My Jewish Mother

Italy, Florence, SculptureThere is much ado about the Blessed Mother, although I am not quite sure why. As a non-Catholic, I never really understood why loving Mary was wrong. But I must admit as a Jewish girl, I had no idea that I was even a Protestant. But it was the Protestant church that hurled me into Catholicism. Wait, what? Well let me tell you…

There was much talk about the Catholic church in the non-Catholic realm. Interestingly enough, sermons about how Catholics worshipped idols and how their love for Mary was misplaced for God peaked my interest. But my curiosity was heightened while driving home one day and listening to my everyday 3 p.m. “Christian” radio program.  The host had on an author who was discussing how to proselytize Catholics, and why they were so lost and, bad. I can’t explain it except to say the anger that welled up inside my heart was palpable, especially when the author described the Catholic church’s misguided devotion to Mary and all that she stood for. That was the day I realized I was a “Protestant” Christian. That was the day I began to question why my anger burned every time the Catholic church was chewed up and spit out on the pulpit.

And when God made me a Catholic, my greatest struggle was with the Blessed Mother. I wanted to love her, but was afraid. The world I came from filled me with fear that if I loved her I was committing idolatry, and placing her in the place of God.  I had read all of the Catholic apologetics I could stand, but it made me even more afraid…

I entered the church and ran from her. She was on the left side staring at me, not saying a word. In my heart it was wrong and that meant that I couldn’t be Catholic. But that just could not be because, well, it wasn’t my choice to be Catholic in the first place…

Then came the second radio show.  Father was listening to a caller whose child had drifted away from the faith. The advice was simple and rolled off the priest’s tongue so matter-of-factly.

“Give him to Mary. That’s what I do. Place him in her loving arms. “

I was so desperate. My husband was home and I was attending three to four masses a weekend so that my children could receive the full grace of the mass. I would go with each one alone so the transition felt natural, explaining the mass as it processed. And the 7:30 am mass was reserved for me, to bring my tears to Jesus. Tears of joy that I had come home, and those of pain that my husband had not.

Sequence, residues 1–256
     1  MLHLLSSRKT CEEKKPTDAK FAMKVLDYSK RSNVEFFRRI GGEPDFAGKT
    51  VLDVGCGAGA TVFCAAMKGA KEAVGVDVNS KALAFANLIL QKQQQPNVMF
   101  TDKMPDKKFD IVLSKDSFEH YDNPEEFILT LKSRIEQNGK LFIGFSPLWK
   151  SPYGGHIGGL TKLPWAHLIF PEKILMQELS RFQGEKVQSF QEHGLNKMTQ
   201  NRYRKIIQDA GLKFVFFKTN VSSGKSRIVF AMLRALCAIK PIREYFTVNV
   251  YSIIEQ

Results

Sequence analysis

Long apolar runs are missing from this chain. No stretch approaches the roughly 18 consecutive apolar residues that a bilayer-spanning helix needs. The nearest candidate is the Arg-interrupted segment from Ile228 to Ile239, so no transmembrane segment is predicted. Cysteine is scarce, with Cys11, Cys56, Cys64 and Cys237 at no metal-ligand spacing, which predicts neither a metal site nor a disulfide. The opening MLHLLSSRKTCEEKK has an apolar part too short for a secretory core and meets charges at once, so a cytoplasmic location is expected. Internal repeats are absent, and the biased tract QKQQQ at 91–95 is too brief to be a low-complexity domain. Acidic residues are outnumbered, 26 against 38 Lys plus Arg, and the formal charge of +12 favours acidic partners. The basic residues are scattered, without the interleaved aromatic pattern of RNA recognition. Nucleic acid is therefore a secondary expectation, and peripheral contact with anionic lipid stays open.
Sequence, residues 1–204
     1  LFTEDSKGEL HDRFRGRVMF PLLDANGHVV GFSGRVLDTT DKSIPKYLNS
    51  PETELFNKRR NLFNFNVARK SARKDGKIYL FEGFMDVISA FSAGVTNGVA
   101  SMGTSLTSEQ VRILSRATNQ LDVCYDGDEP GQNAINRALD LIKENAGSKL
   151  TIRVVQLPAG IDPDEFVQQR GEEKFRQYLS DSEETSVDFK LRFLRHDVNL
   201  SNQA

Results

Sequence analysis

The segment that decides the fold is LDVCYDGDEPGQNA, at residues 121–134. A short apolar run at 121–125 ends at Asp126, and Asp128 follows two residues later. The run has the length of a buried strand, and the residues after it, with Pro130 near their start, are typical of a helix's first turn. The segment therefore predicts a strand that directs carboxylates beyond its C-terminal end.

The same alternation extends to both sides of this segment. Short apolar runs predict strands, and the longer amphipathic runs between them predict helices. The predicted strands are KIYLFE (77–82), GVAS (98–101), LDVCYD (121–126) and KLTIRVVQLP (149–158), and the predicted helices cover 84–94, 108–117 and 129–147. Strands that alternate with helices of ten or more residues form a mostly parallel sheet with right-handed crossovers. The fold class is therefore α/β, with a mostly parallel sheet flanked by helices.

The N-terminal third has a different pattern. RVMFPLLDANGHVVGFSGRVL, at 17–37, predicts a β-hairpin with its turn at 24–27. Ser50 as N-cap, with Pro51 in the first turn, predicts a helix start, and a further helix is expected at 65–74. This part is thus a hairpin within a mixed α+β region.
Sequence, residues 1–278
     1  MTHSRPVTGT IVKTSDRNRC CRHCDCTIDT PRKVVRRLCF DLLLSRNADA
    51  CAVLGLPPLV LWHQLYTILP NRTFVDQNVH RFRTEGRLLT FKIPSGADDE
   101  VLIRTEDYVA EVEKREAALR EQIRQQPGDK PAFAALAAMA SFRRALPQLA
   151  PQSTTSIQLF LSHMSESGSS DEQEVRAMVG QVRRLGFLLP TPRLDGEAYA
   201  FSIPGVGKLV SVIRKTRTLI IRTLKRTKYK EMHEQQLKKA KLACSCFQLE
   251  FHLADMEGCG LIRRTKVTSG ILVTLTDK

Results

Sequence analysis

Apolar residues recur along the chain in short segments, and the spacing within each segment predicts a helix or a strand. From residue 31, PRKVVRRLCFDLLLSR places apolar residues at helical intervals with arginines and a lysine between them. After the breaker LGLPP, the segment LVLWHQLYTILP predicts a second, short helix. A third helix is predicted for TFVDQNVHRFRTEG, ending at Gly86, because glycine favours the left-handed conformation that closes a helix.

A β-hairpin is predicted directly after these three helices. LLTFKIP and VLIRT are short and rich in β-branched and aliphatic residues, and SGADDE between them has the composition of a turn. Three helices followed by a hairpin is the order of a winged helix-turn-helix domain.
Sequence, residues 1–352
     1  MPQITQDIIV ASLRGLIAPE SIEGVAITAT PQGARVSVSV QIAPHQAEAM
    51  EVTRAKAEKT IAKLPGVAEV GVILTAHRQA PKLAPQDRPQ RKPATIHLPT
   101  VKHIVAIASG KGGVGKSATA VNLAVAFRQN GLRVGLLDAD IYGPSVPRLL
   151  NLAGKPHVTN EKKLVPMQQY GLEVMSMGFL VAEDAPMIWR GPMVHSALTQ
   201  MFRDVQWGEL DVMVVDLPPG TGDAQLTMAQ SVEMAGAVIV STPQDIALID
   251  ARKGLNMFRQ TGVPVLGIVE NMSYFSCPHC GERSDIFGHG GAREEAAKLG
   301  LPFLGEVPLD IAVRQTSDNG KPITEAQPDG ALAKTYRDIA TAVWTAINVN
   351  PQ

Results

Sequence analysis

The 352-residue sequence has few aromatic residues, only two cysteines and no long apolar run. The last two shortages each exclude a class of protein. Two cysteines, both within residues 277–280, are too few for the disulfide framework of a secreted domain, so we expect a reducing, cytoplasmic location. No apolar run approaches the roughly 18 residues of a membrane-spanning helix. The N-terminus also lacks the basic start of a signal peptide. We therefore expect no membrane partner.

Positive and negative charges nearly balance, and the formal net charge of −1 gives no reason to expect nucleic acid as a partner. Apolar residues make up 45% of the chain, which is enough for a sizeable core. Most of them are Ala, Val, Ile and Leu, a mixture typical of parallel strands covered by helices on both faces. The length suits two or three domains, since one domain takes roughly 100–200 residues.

And after so many masses and passings of Mary as I blessed myself with holy water, it was Father Larry’s words that brought me such great comfort. So I stood before Our Lady of Guadalupe  and repeated what Father Larry told me,

“Blessed Mother, I give you my husband and place him in your loving arms. Please carry him to Jesus.”

It was as simple as Father had said. I still didn’t believe. But I wanted so badly for her to love me, to know that I could love her too. Because to me, it was too good to be true. Could Mary do the impossible?

I prayed that prayer everyday. Whether it was in the church, the chapel or my closet. I desperately tried to love her. And slowly I began to realize, she had already been loving me.

I’ve placed a lot of people in Mary’s arms. The sick, the lost and the unbeliever. I can see them there, so tired. I see the Pieta.  I see her carrying them all to Jesus.

And it’s not that I’m afraid to ask God. It’s like one of my dear friends told me,

“The nuns used to say when God shuts the door, Mary opens the windows.”

I imagine the wedding at Cana. I imagine the crucified Jesus on the lap of His mother. I imagine the swollen belly of our Mother, the carrier of God. She is the entrance, the tabernacle, the way to Jesus. 

If you don’t believe me, just ask my husband where He is now…


15 thoughts on “My Jewish Mother

  1. Oh, Melissa, I love that: When God shuts the door, Mary opens the windows. And I see that not as an act of defiance, but as the young Jewish girl whispering in God’s ear, “One more chance, Lord, just for your shayna maideleh, yes?”

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  2. A great personal witness. I am a cradle Catholic and often have felt afraid at times to venerate Mary. It’s not that I didn’t ever accept Catholic doctrine, but that I didn’t want to allow protestants the opportunity to say, ” I told you so!” or something of the nature.

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    1. I totally get that. When I became a Catholic, Mary was my greatest struggle. But I knew if I was to become Catholic, I had to love Mary and find a place for her in my life.

      I listen to Jennifer Fulwiler on the Catholic channel and she had a wonderful guest on with some wonderful advice.It was about praying and asking Jesus to help us grow closer to Mary. I don’t remember the exact words of the prayer, but it was something along those lines. I prayed that prayer even though I was scared. And I also gave people over to the Blessed Mother’s arms, trusting that she would take them to Jesus.

      For me, she is esteemed among women. When I feel I don’t have any words, I know she understands and is there. I pray and ask for her help especially when I find I have lost Jesus, or lost my way. And every time, she leads me right back to him.

      Mary has always been such a beautiful part of the church. She is a vessel, the way to Jesus.

      I understand how you feel. I finally said today, I love you Mary and I don’t care who knows!

      Liked by 1 person

  3. Never be afraid to love Mary too much. You can never love her more than Jesus…St maxilian Kolbe (I hope I got his quote right) amazing path that you have taken! If you have not already, look into making a total consecration to Mary, it takes 33 days and you pick a day where it ends on a Marian day.

    Liked by 1 person

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